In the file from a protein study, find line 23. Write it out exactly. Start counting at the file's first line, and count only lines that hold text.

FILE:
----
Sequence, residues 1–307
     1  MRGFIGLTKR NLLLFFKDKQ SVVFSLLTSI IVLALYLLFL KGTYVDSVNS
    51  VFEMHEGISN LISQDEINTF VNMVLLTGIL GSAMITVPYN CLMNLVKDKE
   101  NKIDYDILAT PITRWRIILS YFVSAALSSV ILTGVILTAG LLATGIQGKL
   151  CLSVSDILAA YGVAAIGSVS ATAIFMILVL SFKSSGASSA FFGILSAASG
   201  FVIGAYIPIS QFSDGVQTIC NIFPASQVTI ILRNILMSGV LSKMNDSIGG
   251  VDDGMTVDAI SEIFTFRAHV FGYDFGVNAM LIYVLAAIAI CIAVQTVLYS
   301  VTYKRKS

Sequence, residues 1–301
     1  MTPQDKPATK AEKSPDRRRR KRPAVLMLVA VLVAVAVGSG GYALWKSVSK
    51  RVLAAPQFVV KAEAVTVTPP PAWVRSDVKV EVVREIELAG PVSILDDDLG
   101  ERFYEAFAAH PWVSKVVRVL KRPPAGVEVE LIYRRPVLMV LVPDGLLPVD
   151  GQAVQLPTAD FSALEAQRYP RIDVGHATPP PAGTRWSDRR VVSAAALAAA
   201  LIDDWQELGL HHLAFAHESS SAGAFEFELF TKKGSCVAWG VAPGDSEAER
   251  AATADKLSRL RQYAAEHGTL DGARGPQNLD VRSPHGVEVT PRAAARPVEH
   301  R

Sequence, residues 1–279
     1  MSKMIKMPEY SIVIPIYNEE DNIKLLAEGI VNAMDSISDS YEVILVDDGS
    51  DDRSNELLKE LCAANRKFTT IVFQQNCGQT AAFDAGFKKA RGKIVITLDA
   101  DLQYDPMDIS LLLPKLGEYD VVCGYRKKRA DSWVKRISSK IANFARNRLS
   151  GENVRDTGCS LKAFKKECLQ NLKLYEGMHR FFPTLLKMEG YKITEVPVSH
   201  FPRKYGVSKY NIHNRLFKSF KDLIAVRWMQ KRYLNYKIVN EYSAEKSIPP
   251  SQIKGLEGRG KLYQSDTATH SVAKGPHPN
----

   251  SQIKGLEGRG KLYQSDTATH SVAKGPHPN